At Rome, aged 25, Mr. John Keats, author of a volume of beautiful poetry’, recorded the Liverpool Mercury of 30 March 1821 amongst its death notices, in what is arguably the earliest and shortest of a never-ending stream of interpretative biographies, of which this excellent one from Nicholas Roe is the latest: more than 400 pages and as many – or as few – chapters as the poet had birthdays. In the last three years alone, we have had Lawrence M. Crutcher’s The Keats Family, R.S. White’s John Keats: A Literary Life, and Denise Gigante’s The Keats Brothers: The Life of John and George, and it is not that long since Britain’s Poet Laureate (as he then was) Andrew Motion came out with a 600-page monster. Nor is there a dearth of strong precursors, for Keats has been fortunate in his biographers – all of them, it should be said, generously acknowledged by Roe, for whom the work of Robert Gittings is ‘indispensable’, an honour that should be shared with Walter Jackson Bate.
On the morning of 17 September 1820, a consumptive John Keats and his travelling companion and nurse, the artist Joseph Severn, boarded the 127-ton brigantine Maria Crowther bound for Italy. Ahead of them lay thirty-four days of foul weather, fouler food, and close quarters shared with another consumptive (a young girl) and a horrified matron; thirty-four days, for Keats, of agonising regret and mortal fear. It was the first stage of what he called his ‘posthumous existence’: the twenty-five-year-old poet was sailing out to die. And because Keats was prevented by the well-meaning Severn from swallowing the phial of euthanasian opium he had bought before leaving England, this posthumous existence would drag on until nearly midnight on Wednesday, 21 February 1821, when Keats died in Severn’s arms in an apartment in the Piazza di Spagna in Rome.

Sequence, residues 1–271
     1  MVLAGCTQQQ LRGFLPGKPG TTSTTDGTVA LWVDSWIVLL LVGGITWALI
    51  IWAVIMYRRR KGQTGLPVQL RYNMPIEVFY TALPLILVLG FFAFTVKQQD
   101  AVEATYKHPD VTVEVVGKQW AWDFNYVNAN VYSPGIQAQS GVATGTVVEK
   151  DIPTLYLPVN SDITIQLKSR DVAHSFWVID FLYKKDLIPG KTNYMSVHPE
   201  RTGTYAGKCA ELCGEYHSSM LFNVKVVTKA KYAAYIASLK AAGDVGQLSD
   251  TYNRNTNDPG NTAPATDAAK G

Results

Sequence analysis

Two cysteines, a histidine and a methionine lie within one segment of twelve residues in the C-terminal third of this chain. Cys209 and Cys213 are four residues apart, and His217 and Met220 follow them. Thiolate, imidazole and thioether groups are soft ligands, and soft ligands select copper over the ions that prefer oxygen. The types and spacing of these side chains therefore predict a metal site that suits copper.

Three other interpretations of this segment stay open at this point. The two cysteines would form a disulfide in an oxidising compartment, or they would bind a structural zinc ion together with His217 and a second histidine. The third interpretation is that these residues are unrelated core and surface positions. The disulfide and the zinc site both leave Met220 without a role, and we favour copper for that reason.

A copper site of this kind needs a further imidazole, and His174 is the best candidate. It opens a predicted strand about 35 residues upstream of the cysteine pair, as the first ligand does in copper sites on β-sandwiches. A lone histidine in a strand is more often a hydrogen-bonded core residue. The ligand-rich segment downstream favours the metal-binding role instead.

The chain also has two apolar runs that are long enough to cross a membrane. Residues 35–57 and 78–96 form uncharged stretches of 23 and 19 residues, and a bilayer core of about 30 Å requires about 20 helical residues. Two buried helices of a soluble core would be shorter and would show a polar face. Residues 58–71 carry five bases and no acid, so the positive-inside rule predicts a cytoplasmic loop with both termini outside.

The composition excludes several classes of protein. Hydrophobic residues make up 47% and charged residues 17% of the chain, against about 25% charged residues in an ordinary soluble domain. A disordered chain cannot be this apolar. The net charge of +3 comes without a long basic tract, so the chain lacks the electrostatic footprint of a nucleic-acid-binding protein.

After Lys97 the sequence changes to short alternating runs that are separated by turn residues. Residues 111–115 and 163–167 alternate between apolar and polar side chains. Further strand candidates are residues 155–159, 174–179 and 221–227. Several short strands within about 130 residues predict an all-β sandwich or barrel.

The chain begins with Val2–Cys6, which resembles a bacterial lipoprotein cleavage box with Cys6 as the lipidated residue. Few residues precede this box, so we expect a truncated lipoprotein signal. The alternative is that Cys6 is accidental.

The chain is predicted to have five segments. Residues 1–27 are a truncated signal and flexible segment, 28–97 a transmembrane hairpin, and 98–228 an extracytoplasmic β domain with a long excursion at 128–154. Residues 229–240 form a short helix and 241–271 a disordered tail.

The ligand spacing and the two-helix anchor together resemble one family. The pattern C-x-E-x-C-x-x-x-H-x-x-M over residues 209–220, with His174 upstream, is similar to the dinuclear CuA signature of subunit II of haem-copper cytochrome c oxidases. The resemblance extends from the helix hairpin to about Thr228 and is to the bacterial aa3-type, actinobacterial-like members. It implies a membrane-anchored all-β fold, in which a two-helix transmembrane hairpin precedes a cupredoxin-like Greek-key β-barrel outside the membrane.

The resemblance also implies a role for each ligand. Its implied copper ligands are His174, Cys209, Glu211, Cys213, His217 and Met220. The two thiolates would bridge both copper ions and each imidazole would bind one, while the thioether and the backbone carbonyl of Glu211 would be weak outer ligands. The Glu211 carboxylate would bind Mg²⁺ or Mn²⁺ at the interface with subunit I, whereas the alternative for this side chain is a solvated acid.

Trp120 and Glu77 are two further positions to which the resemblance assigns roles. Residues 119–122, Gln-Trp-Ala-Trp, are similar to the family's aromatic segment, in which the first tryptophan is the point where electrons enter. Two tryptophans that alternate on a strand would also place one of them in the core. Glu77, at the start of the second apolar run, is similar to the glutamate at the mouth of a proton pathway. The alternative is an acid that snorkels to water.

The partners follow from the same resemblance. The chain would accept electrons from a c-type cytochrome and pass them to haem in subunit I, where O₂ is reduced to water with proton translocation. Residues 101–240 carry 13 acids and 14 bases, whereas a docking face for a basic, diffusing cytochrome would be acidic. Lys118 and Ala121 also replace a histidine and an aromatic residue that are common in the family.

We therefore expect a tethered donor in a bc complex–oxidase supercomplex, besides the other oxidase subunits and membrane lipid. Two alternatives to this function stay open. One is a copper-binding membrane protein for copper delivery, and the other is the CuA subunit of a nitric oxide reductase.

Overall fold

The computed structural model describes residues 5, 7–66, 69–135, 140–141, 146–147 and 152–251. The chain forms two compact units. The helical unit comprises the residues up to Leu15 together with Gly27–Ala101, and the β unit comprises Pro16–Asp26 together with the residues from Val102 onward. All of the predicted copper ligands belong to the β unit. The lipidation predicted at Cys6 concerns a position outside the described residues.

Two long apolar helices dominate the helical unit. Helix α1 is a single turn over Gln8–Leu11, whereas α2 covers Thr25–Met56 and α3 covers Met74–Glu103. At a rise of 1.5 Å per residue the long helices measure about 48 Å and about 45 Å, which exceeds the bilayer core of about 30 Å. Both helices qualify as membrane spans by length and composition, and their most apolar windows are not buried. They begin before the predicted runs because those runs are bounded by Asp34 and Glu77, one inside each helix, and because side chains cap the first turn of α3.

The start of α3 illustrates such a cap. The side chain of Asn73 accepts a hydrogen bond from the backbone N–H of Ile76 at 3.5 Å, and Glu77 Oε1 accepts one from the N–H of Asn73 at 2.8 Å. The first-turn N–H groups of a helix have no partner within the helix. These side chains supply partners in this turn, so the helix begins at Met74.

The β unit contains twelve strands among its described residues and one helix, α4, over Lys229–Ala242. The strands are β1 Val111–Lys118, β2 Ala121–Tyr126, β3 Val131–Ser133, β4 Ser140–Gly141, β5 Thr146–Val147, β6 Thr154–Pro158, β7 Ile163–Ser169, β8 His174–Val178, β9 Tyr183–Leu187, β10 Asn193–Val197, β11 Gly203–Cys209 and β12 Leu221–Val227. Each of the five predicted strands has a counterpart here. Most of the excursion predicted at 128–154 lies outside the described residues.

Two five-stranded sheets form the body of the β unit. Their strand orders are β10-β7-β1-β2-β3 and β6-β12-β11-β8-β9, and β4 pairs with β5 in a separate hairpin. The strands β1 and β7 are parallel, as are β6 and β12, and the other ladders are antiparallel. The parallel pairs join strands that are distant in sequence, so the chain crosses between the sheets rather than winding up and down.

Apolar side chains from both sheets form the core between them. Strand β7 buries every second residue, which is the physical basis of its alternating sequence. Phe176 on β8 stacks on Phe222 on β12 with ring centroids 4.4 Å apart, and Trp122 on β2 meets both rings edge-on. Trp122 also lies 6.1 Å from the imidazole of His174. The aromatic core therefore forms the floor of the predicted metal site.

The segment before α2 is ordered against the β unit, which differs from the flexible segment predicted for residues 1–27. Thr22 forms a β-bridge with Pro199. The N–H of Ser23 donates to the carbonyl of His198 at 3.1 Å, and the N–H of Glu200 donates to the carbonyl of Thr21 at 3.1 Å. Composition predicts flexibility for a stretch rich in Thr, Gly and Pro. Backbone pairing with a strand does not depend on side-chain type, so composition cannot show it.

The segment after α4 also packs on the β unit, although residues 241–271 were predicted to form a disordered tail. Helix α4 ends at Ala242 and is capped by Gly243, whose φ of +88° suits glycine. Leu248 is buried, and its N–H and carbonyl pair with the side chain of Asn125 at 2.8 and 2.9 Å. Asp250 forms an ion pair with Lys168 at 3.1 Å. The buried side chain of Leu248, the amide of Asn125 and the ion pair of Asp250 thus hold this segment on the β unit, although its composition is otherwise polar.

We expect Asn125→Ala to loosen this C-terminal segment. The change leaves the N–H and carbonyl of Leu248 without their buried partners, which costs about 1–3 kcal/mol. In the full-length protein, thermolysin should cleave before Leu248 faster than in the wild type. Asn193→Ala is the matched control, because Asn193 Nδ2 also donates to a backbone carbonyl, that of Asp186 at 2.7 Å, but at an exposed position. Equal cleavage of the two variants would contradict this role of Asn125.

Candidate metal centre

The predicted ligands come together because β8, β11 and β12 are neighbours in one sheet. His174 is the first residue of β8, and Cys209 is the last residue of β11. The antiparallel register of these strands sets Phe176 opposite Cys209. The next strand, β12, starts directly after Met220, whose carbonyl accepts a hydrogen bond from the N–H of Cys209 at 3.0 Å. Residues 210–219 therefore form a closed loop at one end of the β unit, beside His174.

In Elements of Criticism (1762), the Scottish philosopher Lord Kames writes of the remarkable congruence between real presence, the product of our ‘external senses’, and ideal presence, which appears when art presents something so vividly to our ‘internal’ senses that we forget that it is not actually before us. Ideal presence, he writes, is like a‘waking dream’, the appearances of which are indistinguishable from real presence while we are within its spaces. For readers who associate immersive realities with modern digital media, Kames’s argument is surprising, even though it could be argued that in the twenty-first century literature is still the most powerful medium available for producing immersive realities. Kames assumes that literature’s ‘waking dreams’ will be judged by the standards of the actual world; but as early as the last decades of the eighteenth century and first decades of the next, the development of genres such as Gothic fictions, coupled with the emergence of new entertainment media such as the panorama and phantasmagoria, had drawn attention to the extent to which ideal realities – ‘fictitious entities’ and ‘imaginary nonentities’, in Jeremy Bentham’s terminology – could shape rather than simply represent the real. This is the cultural context in which Keats’s life (1795–1821), dilemmas and oeuvre make sense.